Flying doors, failing brakes and last-minute visa problems didn’t dampen team spirits at the Shell Eco-marathon Europe on Friday, the first official competition day.

Still hoping to catch a lucky break, France’s Exergie Prototype gasoline team worked through the night to fix their broken brakes but failed the technical inspection again on Friday. Although more than 165 teams passed by late afternoon, Exergie did not struggle alone.

Most of Ukraine’s LSA Khadi AIS were still driving across France with the team tent, hoping to reach London tonight after visa delays. One US team, in London for Sunday’s Drivers’ World Championship, offered to share their room with the Ukrainian team members who have already made it.

A door flew off Norway’s OUC Shell Eco car as the UrbanConcept ethanol vehicle sped around the race track, but they didn’t let it ruin their day.

“The whole event has far exceeded my expectations,” team member Nikolai Laastad said.

University of Southampton have dreamt of even having a door for weeks. Their fibreglass body never arrived, leaving just a metal chassis and a month to make their own shell.

Heading into the last day of technical inspection, all three teams face a race against time.

“Officially technical inspection is already closed,” says Gilles Vanier, technical director of SEM Europe. “It will definitely close at 3pm on Saturday.”

The award ceremony for the UrbanConcept category is on Saturday afternoon; there’s little time to spare.

Bright sparks

British TV star Rachel Riley sparkled before 29 national flag bearers, who marched a procession of UrbanConcept and Prototype cars past large crowds at the Shell Eco-marathon Europe.

The quiz-show whizz wasn’t the only bright spark - the Shell Ideas 360 and Bright Ideas Challenge winners were also announced. University of Illinois team, the Lean Mean Graphene Machine, won Shell Ideas 360. Their concept for a coating process for cooling water pipes in power plants promises to increase efficiency, reduce costs and environmental impacts.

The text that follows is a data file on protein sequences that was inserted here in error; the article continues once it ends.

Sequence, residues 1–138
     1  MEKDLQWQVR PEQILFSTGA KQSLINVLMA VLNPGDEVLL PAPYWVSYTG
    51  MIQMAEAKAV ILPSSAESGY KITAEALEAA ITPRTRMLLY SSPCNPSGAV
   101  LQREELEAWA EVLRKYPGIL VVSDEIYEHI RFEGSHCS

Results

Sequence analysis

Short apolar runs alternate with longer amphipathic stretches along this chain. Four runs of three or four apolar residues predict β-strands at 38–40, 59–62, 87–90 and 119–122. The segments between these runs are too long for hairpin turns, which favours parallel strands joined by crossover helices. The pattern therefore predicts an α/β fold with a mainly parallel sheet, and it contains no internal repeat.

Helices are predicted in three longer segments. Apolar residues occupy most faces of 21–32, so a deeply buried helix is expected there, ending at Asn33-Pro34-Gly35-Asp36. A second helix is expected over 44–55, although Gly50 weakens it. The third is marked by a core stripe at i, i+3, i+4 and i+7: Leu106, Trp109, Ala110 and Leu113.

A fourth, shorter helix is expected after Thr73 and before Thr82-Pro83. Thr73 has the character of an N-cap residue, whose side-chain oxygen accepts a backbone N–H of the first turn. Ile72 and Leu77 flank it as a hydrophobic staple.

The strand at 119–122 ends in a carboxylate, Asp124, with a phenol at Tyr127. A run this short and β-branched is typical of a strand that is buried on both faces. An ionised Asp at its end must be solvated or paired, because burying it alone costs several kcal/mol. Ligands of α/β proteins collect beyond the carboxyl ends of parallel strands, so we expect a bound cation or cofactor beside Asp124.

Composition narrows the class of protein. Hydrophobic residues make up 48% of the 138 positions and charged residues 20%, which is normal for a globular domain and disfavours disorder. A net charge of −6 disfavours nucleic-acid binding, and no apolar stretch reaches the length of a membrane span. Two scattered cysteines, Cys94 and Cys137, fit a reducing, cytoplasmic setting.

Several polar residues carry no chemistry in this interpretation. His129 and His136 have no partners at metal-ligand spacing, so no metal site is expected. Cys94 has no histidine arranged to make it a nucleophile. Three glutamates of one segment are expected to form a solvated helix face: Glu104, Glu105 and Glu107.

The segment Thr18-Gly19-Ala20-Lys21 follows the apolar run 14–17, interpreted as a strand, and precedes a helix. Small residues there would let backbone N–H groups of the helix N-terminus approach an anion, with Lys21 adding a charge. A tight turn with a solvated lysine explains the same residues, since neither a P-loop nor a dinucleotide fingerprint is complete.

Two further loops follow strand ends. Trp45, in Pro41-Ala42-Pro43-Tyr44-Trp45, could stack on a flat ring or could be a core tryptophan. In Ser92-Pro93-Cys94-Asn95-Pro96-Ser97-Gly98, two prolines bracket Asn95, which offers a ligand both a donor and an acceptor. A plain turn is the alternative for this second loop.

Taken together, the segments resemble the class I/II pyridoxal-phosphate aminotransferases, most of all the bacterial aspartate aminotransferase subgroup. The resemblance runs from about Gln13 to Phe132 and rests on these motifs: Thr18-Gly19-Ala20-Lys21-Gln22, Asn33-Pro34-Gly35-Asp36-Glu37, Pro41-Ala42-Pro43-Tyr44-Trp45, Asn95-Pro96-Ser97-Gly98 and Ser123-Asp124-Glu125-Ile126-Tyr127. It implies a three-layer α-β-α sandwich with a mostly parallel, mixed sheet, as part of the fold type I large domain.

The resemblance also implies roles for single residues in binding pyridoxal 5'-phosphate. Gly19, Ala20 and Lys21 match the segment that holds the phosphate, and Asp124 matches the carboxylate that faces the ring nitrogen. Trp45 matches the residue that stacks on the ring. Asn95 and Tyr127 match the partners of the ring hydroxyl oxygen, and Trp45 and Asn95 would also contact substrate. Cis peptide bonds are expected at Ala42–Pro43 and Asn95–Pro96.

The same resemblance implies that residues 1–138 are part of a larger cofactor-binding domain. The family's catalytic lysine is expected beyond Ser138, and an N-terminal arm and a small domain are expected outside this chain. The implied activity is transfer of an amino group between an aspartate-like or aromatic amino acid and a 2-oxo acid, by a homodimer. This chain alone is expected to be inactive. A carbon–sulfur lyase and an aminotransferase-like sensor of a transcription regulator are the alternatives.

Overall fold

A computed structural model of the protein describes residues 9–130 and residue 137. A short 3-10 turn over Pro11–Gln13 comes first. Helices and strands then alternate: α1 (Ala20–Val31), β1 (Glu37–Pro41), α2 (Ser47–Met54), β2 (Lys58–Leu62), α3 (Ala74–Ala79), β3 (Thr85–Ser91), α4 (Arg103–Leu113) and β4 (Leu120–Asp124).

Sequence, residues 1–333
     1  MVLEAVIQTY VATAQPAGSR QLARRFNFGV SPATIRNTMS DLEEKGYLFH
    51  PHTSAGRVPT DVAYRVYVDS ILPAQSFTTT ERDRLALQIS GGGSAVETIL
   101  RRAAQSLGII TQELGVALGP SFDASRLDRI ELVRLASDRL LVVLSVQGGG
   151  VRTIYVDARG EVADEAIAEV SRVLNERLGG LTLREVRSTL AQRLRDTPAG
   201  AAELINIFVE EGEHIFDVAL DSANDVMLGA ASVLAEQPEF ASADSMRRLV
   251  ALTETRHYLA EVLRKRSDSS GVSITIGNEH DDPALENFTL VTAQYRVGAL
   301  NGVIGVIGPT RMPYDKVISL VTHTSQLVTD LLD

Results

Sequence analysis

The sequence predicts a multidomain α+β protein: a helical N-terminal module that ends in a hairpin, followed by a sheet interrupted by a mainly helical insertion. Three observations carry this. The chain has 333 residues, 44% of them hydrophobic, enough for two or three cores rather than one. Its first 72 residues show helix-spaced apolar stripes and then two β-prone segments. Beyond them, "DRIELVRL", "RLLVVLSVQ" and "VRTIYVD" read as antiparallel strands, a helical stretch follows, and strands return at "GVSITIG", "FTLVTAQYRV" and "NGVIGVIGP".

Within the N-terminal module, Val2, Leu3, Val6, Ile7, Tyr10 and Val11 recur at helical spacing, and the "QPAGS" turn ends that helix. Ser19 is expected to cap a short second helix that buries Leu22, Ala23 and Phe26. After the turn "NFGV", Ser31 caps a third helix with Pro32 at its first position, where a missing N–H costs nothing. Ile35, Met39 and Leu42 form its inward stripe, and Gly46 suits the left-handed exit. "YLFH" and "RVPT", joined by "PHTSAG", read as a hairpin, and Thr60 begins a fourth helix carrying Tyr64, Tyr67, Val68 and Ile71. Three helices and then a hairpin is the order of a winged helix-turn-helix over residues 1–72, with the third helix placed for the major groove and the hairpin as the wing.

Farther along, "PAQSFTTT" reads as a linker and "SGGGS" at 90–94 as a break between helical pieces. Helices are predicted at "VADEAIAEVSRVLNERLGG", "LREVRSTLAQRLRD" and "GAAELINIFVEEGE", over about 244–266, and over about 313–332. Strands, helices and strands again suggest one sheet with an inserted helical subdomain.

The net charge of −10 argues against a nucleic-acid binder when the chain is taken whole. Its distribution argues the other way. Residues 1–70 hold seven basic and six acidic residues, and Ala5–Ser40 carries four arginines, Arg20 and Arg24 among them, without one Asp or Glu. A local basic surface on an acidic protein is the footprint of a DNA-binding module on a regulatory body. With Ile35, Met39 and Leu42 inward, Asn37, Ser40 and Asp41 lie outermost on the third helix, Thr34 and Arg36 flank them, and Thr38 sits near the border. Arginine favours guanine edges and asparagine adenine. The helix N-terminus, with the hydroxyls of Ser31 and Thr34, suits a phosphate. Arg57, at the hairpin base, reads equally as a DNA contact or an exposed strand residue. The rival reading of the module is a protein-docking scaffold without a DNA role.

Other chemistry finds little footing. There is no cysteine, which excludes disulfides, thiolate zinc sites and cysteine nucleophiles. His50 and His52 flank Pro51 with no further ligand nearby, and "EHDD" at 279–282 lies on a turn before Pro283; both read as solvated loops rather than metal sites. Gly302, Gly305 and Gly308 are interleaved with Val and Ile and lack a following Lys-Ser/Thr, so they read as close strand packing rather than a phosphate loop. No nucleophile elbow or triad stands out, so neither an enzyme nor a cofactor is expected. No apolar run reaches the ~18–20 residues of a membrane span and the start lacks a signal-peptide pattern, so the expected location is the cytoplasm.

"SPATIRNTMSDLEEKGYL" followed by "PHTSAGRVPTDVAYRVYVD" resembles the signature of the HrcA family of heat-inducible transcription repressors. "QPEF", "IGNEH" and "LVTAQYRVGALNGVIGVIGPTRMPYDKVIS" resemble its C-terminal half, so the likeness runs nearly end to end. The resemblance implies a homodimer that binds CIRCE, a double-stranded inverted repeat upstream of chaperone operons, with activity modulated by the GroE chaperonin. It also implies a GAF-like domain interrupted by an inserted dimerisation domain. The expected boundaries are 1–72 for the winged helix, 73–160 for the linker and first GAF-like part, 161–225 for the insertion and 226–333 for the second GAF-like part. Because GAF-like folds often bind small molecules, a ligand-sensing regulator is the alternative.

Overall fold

And there was no shortage of imagination from the Bright Ideas challenge national winners. Queen Elizabeth’s School, north of London, designed algae-filled tubes which absorb sunlight to generate electricity and make hydrogen that could power cars.

Learning lots

As many as 8,000 schoolchildren visited the Make the Future Live festival and Shell Eco-marathon on Friday, funnelling into the Energy Lab where they tried out science-related games and demonstrations before checking out the student’s cars in the paddock.

“I liked learning about how the different combustion engines work,” said Anu, aged 11, from Sherrardswood School in Welwyn, Hertfordshire.

“We talk a lot about energy, but it’s not often they get to see it put into practice and see how it works in the real world,” Jim Sands, one of Anu’s teachers, said. “They can get involved because its hands on. They can touch things and experience it first-hand.”

Make the Future Live is a four-day festival of ideas and innovation offering curious minds of all ages a glimpse into the global energy future, featuring live science shows and amazing inventions and cars of the future.

Meanwhile, in the Olympic Stadium, Shell Powering Progress Together forum brought together innovators, entrepreneurs, scientists and economists to debate ways to help the transition towards a lower-carbon society.

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